Remember the ash cloud of 2010, when flights were cancelled for days and weeks? Many business owners were trapped thousands of miles from home and work. But businesses carried on without them. In fact, many would have thrived without the boss. Staff love the opportunity to step up and take responsibility while the boss is away. Don’t feel guilty.
If you have never let your team make a decision without your confirmation before, then they never will be able to do so. In my early corporate life, I travelled a lot, usually in the car. My team must have had a sixth sense because as soon as I jumped into the car, the car phone always rang – one of my team needing to ask a question or wanting some help. Of course, I answered their queries and moved on to the next call to solve that problem too.
My epiphany came because I left my phone behind one day. I was so stressed about the office I stopped at a phone box; I’d been out of contact for most of the day and I thought it was probably chaos back at base. It wasn’t. My team was fine and because they couldn’t get hold of me, they made decisions and choices. All was good and they were proud that they had just got on with it – and so was I! That was probably one of the best business lessons I learnt early in my career: to set the team objectives and then let the team deliver, with me exerting a light touch rather than a heavy hand. From that day forward I was less available to the team, to its benefit. You need clear-head time and your staff will do fine without you.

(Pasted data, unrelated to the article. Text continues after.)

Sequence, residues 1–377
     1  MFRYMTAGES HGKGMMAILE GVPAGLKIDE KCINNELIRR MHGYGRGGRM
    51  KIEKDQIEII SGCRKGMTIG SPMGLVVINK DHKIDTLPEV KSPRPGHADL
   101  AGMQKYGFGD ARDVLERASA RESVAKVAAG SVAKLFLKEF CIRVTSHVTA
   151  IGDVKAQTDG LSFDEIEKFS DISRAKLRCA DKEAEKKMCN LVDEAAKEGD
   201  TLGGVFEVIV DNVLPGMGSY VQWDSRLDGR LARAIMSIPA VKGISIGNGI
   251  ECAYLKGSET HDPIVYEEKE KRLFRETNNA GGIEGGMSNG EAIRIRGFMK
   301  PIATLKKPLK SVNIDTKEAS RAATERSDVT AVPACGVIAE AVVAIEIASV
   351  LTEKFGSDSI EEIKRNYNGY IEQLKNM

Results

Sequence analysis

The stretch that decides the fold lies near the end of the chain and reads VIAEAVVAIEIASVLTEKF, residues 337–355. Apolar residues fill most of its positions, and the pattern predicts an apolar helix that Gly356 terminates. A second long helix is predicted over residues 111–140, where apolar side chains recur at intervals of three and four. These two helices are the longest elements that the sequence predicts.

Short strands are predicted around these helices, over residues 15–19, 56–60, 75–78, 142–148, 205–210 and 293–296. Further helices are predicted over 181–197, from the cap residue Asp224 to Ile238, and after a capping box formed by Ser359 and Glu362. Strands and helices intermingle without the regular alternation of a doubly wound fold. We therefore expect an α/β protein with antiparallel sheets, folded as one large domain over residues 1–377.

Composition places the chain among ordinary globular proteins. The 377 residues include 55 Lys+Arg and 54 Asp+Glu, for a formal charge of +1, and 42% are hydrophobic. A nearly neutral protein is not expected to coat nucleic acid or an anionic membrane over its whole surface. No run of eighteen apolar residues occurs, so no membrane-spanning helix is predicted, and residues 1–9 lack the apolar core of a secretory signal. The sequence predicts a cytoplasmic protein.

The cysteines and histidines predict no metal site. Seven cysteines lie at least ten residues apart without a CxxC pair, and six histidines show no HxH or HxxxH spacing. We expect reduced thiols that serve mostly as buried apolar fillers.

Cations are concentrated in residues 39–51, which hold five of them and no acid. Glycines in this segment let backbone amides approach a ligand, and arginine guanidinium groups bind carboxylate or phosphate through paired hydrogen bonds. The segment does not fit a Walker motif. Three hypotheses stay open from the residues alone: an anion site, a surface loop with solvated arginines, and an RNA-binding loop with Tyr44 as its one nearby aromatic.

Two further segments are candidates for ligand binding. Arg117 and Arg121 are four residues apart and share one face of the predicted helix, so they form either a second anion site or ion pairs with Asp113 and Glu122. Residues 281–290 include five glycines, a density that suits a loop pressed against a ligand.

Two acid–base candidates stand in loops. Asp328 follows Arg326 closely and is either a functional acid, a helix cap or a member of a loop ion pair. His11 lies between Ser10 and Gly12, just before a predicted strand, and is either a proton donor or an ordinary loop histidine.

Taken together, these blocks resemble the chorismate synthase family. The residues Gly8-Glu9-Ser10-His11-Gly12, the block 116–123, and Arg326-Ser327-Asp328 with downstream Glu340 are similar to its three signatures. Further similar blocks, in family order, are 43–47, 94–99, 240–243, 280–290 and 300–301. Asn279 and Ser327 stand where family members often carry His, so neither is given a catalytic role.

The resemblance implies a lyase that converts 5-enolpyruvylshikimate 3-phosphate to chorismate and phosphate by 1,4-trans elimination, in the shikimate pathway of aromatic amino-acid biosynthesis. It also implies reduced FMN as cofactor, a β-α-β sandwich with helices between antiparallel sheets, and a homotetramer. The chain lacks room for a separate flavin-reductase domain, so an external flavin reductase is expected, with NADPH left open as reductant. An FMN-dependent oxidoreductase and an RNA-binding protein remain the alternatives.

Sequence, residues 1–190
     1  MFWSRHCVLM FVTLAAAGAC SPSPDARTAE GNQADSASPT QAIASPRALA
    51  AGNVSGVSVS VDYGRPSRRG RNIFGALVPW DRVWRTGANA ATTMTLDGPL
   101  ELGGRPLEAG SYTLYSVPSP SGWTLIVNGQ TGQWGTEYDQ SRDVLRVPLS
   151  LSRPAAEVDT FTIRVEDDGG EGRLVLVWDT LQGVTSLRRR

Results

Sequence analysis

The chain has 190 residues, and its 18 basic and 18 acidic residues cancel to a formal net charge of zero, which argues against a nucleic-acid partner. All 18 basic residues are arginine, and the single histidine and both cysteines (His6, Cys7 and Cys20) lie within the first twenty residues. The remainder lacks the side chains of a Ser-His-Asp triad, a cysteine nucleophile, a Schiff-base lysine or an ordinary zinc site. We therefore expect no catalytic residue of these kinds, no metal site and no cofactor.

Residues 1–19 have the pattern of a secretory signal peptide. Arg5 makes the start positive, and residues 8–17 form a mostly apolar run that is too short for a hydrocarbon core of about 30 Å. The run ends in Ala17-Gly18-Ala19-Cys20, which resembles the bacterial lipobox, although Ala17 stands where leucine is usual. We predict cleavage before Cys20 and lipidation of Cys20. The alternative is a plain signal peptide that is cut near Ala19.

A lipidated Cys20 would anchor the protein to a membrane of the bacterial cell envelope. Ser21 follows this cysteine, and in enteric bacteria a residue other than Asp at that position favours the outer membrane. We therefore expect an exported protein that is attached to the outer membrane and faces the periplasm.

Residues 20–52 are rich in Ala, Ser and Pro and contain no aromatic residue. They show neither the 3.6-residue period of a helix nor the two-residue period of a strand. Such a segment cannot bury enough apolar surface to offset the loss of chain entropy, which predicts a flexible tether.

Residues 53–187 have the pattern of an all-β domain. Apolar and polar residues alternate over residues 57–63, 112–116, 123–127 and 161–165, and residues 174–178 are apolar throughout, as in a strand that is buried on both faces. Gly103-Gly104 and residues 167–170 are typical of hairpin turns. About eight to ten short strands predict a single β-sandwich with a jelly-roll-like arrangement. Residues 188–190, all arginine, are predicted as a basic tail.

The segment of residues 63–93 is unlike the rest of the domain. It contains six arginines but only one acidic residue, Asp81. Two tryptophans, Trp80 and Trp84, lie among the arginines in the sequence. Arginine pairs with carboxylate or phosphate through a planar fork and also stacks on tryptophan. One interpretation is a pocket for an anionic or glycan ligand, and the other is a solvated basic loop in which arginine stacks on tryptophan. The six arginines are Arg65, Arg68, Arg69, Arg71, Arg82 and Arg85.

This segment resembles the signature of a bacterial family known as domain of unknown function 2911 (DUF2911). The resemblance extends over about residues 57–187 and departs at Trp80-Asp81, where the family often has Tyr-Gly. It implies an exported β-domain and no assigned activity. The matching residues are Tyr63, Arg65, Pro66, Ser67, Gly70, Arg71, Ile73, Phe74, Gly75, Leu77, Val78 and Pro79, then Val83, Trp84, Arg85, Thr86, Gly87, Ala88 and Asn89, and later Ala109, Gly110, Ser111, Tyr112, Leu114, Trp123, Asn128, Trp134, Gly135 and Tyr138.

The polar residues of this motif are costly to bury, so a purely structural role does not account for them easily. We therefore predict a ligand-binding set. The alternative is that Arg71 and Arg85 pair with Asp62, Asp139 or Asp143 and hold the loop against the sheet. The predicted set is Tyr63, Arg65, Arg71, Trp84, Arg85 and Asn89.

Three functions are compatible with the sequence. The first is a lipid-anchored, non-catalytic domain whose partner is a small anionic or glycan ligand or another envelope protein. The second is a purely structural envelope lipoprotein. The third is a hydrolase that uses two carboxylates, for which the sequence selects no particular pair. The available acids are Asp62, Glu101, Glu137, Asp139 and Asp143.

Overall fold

Finding clear-head time can, on the face of it, be a challenge, but in reality it’s easy. Your day can incorporate it naturally. On the drive to and from work, turn off your phone and the radio, and think. In the shower or the bath, don’t plan and ponder: let your mind float. If life is really chaotic, get up fifteen minutes before everyone else, make a brew, and sit and think – don’t even consider turning the radio on. Walk the dog – or just walk. Walking is very rhythmic and you find that your thoughts relax and tumble about much more easily as the walking rhythm builds.
Action Step. Just get away from it all – clear the clutter that is clouding your mind – book a holiday, now! Don’t stop there; block out two more holidays. Try not to leave more than three months between them.
This article is taken from my book The Grown-Up Business